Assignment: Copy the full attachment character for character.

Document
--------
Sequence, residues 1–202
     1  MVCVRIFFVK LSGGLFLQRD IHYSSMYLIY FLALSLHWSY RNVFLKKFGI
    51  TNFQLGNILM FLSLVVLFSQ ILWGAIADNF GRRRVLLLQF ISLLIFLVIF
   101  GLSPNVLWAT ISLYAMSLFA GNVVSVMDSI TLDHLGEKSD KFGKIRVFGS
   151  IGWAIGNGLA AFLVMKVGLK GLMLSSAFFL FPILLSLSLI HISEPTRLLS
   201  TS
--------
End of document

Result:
Sequence, residues 1–202
     1  MVCVRIFFVK LSGGLFLQRD IHYSSMYLIY FLALSLHWSY RNVFLKKFGI
    51  TNFQLGNILM FLSLVVLFSQ ILWGAIADNF GRRRVLLLQF ISLLIFLVIF
   101  GLSPNVLWAT ISLYAMSLFA GNVVSVMDSI TLDHLGEKSD KFGKIRVFGS
   151  IGWAIGNGLA AFLVMKVGLK GLMLSSAFFL FPILLSLSLI HISEPTRLLS
   201  TS